I am taking a tour of Bloor Street’s renovated Mink Mile with the head of its merchants association, a woman with the wonderful Yorkville name of Briar de Lange. The reno is having its big reveal on Sunday with a street party featuring a one-kilometre red carpet, restaurant tasting stations, a display of luxury cars and a lunchtime concert headlined by Platinum Blonde. I ask Ms. de Lange how she is feeling, given all the hassles and delays that dogged the $20-million project, paid for by local businesses. “What delays?” she replies. “I don’t know what you’re talking about.”
She can be forgiven the little joke. Now that the work is finally done – construction crews gone, planters overflowing with flowers, new trees leafing out – she is enjoying a moment of sweet relief. The Nightmare on Bloor Street is a fading memory. The street looks terrific.
The sidewalks have been widened by four feet to accommodate the bustling street life of Canada’s ritziest retail strip. The tired concrete of the old sidewalks has been replaced by Quebec-quarried granite paving stones of dark “Atlantic grey.” The 134 new London Plane trees are planted in specially designed soil cells to ease them through the stresses of urban life. Stone benches and specially designed new bike rings punctuate the avenue. On a late spring afternoon, shoppers and gawkers stream along the street, passing the gilded storefronts of Hermès, Tiffany and Holt Renfrew. Despite all the bad press, the project is an unmistakable success – proof that some city-building exercises are worth the wait.
That wait was considerable. Work was held up for a nearly a year as Toronto Hydro worked on more than a dozen buried vaults for high-voltage transformers. Troubles with buried cables caused another hitch. The delays highlighted what seems to be a chronic problem in Toronto: poor co-ordination among city agencies and utilities.
But as anyone who has fixed up a house knows, renovations rarely go according to plan. Unexpected complications and delays are par for the course. Similar things can happen when you rip up a road, with its web of buried pipes and wires. When glitches occur and the work drags on, people get annoyed.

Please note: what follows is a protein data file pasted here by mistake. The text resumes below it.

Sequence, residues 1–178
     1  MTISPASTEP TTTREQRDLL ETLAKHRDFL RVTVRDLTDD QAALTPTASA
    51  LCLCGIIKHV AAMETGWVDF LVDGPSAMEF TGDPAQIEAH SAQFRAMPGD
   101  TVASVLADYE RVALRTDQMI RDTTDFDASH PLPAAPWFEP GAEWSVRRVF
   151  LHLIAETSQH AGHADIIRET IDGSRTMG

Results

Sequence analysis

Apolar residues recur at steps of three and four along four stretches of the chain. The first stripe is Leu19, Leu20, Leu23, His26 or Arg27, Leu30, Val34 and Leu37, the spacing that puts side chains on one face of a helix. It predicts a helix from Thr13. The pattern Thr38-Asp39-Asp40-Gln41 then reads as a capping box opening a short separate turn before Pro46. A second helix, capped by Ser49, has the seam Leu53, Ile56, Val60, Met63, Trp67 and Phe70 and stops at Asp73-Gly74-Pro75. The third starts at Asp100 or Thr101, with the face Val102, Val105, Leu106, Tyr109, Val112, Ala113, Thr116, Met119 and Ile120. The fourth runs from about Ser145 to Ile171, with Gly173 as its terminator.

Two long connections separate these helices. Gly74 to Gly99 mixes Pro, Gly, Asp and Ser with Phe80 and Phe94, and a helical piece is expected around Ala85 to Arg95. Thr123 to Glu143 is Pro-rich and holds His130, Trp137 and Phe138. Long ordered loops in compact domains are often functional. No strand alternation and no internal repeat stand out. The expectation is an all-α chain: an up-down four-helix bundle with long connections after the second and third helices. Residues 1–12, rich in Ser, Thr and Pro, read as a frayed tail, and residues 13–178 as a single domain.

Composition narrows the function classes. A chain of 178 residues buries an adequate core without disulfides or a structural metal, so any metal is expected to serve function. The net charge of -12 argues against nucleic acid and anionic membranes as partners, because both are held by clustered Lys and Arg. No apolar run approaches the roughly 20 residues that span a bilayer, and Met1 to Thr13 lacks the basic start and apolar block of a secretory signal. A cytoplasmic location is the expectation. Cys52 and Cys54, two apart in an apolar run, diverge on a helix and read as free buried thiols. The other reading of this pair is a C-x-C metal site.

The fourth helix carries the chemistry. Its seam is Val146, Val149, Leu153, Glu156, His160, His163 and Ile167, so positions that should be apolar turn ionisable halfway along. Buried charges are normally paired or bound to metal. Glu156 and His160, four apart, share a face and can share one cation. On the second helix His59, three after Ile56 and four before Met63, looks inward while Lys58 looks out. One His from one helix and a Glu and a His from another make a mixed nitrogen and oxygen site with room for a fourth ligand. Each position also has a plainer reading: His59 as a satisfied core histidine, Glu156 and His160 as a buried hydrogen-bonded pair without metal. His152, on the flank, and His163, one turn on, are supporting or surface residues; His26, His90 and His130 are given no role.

As politicians, downtown Councillor Adam Vaughan says, “we undersell the hard work and the difficulty” of getting complicated projects done. “The good news is that Bloor Street is now stunning and will be for the next 20 or 30 years.”
On Roncesvalles Avenue, too, a major renovation is coming to a happy end. As on Bloor, the street had to be torn up for major work – in Roncey’s case, the laying of new streetcar tracks. The merchants took advantage of the opportunity to spruce up the streetscape. Handsome, pale grey paving stone has been laid for the new, wider sidewalk, with planters, benches and raised transit stops that allow easier access to streetcars for strollers and wheelchairs. New street-level tree planters, replacing the old, raised “tree coffins,” hold 85 new trees, from oaks to maples to chestnuts.
There were delays here, too, and lots of complaints from irritated merchants and residents. The belated discovery that a gas main lay too close to the new tracks meant that the project could not be finished last fall as expected. A dispute with a contractor over manpower caused holdups, too. But the job is on budget and just two weeks from completion, city officials say, with crews laying the final paving stones, putting in bike rings and clearing debris. Councillor Gord Perks says the city held no fewer than 37 community meetings on the design of the street, dealing with everything from the colour of the pavers to the design of the tree grates.
The result is quite marvellous. Roncesvalles, always a lively street, with its pastry shops, delis, bike stores, public library and Revue cinema, was looking a little tired before the do-over. The renovation has given it a fresh, new face. For all the pain they cause, projects like these are just what an ambitious city should be doing, seizing the chance to transform mediocre streetscapes into something better.